Testing Turbo

The original MacBook Air had a 1.86GHz Core 2 Duo that pretty much never ran at 1.86GHz. Instead the chip typically ran at or below 1.4GHz, allowing the second generation 11-inch MacBook Air to outperform it. Since then I've been quite concerned about Apple playing clock speed games with its systems, but thankfully since then we haven't seen any similar issues.

Letting my guard down wasn't something I was interested in doing so I went about verifying Turbo on the new Air. First a quick refresher about what Turbo Boost does on Intel CPUs. All CPUs are designed to certain power and thermal limits. Those limits are shared with manufacturers who then spec power supplies, cooling systems and cases that can handle those CPUs. In the old days this was pretty simple, you had a single core and a single thermal design point (TDP) that you had to hit. Then multicore CPUs came around and made things more complicated. TDPs couldn't go up (laptops weren't going to double in size) but you now had multiple cores sharing the same TDP, so each core had to dissipate less heat. This meant that your dual-core CPU would run each core at a lower frequency than your single-core CPU, and your quad-core CPU would run at an even lower speed. When using all of your cores the tradeoff was worth it, but when only one or two were in use, it wasn't. We needed a way of shutting down cores to free up TDP and dynamically adjusting clock speed.

  Single Core Dual Core Quad Core
TDP
Tradeoff

Nehalem came along and introduced power gating to x86 CPUs. Unused cores could be power gated, effectively shutting them off, and the resultant available TDP could be used by turbo boosting active cores. All subsequent Intel architectures have supported Intel Turbo Boost, a feature we investigated extensively in our 2011 MacBook Pro review earlier this year.

Lion got rid of the 32-bit kernel so my previous trick to run MSR Tools to measure clock speed stopped working. I needed an alternative.

I offer you three pieces of evidence that support the theory that Apple is not artificially limiting clock speed on any of the MacBook Air systems I've tested.

The first is output from Lion's boot process, note the line that begins with AppleIntelCPUPowerManagement:

The screenshot above is from a 1.6GHz Core i5 on an 11-inch MacBook Air. This chip runs at 1.6GHz by default but can turbo up to 2GHz with two cores active and 2.3GHz with one core active. The line above lists turbo ratios 0047. This four digit number shows turbo ratios for 4C/3C/2C/1C active, with each digit corresponding to a different max turbo ratio. Each value is in hex to represent ratios above 9 with a single digit.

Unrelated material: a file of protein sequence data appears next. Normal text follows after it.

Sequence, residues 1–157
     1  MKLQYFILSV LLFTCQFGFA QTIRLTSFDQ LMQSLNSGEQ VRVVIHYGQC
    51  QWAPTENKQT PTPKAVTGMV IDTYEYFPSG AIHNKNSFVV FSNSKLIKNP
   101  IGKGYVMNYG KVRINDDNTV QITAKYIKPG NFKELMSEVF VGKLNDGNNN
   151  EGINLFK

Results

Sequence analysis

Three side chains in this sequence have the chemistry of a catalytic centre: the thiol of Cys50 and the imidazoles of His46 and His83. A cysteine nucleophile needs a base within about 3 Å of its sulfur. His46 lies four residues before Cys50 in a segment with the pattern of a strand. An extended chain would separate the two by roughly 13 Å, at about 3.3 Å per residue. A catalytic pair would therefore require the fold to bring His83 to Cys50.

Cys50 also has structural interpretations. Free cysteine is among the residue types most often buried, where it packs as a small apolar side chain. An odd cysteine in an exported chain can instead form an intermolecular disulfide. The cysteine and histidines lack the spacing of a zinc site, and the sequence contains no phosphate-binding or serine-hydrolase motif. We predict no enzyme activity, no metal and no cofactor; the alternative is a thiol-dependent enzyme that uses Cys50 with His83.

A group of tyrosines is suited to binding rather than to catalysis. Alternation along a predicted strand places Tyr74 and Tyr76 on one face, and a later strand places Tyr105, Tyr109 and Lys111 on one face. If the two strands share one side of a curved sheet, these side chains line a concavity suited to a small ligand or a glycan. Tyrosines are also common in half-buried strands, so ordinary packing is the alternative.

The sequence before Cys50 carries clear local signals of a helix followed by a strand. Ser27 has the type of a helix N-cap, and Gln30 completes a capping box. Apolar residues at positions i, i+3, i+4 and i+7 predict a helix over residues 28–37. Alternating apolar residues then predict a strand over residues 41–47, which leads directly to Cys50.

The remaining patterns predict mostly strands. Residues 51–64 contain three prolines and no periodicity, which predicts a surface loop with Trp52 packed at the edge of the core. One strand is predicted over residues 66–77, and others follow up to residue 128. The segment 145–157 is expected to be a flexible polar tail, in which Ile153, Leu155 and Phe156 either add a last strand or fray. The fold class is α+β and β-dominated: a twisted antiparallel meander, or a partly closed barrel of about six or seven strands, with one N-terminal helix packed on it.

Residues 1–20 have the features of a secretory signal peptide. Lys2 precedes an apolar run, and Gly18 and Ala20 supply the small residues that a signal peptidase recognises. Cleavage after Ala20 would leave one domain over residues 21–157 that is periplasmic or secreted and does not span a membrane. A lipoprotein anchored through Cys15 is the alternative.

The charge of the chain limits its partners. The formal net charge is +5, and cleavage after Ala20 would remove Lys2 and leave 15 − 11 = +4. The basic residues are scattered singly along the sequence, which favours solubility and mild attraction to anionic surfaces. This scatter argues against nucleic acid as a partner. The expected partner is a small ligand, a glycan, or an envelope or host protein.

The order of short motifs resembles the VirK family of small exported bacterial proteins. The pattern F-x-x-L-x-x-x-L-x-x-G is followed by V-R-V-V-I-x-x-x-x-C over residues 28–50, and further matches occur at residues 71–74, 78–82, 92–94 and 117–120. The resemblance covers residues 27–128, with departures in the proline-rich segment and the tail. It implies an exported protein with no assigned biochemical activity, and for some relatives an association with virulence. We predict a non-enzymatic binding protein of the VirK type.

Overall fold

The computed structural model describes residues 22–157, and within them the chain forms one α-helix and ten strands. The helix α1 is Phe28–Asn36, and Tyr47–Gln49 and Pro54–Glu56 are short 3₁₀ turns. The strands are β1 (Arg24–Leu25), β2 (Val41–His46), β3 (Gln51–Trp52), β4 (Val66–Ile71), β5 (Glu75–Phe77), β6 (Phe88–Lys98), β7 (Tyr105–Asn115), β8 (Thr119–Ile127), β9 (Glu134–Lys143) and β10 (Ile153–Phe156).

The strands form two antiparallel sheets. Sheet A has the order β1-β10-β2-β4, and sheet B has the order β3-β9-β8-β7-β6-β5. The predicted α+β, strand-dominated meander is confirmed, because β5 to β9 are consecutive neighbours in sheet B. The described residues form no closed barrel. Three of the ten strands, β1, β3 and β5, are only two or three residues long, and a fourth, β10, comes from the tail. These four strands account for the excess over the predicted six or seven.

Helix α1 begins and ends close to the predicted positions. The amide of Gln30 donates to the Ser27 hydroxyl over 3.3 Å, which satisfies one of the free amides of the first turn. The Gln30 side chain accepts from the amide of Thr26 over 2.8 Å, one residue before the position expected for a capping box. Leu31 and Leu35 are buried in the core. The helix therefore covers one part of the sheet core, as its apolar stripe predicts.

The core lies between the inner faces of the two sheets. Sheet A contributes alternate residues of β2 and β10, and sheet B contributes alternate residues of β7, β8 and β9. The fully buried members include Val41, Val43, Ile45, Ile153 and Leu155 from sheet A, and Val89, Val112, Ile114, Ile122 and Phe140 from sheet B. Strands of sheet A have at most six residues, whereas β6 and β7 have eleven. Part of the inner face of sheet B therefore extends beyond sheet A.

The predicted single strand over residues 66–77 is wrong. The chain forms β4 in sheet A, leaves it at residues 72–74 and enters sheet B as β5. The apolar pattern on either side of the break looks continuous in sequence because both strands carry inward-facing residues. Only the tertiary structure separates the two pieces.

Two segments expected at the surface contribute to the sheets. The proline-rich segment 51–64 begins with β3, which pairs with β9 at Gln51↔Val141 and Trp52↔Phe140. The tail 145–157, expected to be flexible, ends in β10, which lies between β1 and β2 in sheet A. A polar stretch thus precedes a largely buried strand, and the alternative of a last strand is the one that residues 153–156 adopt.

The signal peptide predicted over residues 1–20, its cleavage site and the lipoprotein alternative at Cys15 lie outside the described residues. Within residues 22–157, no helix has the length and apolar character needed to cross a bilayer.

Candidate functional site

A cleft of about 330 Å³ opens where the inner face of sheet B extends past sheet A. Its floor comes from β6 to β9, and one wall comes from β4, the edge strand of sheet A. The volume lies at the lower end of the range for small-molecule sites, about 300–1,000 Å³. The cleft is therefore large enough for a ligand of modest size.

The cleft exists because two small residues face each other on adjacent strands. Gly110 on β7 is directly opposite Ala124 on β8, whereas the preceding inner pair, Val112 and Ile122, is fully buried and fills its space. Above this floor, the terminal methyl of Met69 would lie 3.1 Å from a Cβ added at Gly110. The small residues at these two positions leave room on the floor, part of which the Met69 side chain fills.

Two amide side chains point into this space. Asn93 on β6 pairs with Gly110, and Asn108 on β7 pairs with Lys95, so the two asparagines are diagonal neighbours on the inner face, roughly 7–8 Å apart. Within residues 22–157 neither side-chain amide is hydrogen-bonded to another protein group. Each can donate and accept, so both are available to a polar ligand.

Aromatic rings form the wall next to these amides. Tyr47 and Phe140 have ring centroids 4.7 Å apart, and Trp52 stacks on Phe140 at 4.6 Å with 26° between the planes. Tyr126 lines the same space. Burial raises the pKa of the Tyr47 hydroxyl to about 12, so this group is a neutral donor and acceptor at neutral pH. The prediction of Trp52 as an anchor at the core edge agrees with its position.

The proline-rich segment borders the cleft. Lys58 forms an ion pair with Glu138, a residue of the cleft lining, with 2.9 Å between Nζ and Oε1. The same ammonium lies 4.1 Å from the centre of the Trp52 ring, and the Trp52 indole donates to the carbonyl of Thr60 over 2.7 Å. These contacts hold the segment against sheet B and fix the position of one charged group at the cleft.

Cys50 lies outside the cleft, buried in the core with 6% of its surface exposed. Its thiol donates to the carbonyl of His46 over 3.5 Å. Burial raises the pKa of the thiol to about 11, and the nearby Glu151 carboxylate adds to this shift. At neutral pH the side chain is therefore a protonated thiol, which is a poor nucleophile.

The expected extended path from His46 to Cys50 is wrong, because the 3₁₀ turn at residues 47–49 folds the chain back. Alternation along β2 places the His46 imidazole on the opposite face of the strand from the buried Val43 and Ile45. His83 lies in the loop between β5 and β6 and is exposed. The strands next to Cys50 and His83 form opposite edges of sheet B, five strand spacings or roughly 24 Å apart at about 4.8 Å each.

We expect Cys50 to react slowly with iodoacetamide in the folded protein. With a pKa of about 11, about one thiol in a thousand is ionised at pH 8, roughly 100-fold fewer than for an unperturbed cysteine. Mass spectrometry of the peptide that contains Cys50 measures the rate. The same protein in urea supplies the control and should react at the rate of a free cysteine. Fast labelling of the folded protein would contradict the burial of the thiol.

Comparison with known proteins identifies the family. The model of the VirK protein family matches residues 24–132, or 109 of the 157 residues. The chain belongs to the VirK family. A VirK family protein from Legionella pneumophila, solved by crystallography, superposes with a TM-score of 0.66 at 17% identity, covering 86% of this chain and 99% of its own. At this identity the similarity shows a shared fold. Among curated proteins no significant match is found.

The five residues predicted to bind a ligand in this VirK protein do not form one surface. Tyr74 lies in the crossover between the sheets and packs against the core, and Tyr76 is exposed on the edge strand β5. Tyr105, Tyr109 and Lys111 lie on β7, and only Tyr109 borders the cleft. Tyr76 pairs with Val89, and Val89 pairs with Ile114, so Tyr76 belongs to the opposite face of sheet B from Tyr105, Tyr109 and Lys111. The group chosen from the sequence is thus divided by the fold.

Take the example above: 0047. The first two numbers are 0s because the chip doesn't have more than two cores and thus doesn't support any turbo ratios when 4 or 3 cores are active. The third number tells us the maximum turbo boost with two cores active: 4. That's 4 bins, where each bin is 100MHz, or 400MHz above the stock 1.6GHz operating frequency (2.0GHz).

The fourth number gives us max turbo when only a single core is active: 7. Seven bins is 700MHz, which on top of the 1.6GHz base frequency gives us 2.3GHz.

What about the 1.7GHz Core i5 in the 13-inch MacBook Air? Its turbo ratios look like this:

The first two digits are 0 again since this is a dual-core processor. The third digit is a 7, representing a 700MHz max turbo boost with two cores active. The fourth digit is an A, which is 10 when you convert from hex to base 10, or a maximum 1GHz turbo boost with one core active. If you had a 1.8GHz Core i7 you'd see the string 008B.

The second bit of evidence supporting that Apple isn't mucking with clock speeds comes via Cinebench. The 2.0GHz Core i7 in the 15-inch MacBook Pro can turbo up to 2.9GHz with only one core active. Cinebench has a great single threaded test that ensures only one core is active. The chip in the 13-inch MacBook Air should be able to hit 2.7GHz with one core active. We already know the CPUs in the 2011 MacBook Pro have fully functioning turbo ratios based on our earlier investigations. While the i7 in the MacBook Pro has a larger L3 cache, we should still see around a 7% performance advantage in single threaded Cinebench for the 2011 MacBook Pro vs. the 13-inch MacBook Air (2.9GHz vs. 2.7GHz) if the Air is properly turboing up:

Clock Speed Scaling Comparison
  15-inch MacBook Pro (Core i7 2.0GHz) 13-inch MacBook Air (Core i5 1.7GHz) 11-inch MacBook Air (Core i5 1.6GHz)
Cinebench R10 - Single Thread 4060 3770 3154

The 2011 MacBook Pro is 7.7% faster in Cinebench's single threaded test. Perfect. We can't do the same comparison with multithreaded performance because the i7 in the MacBook Pro has twice the number of cores/threads as what's in the Air, but by this point I'm pretty confident that Apple is allowing these chips to turbo up.

If you need one more piece of evidence I present to you behavior of the 2011 11 and 13-inch MacBook Air under Windows 7, where we do have good turbo monitoring tools courtesy of Intel.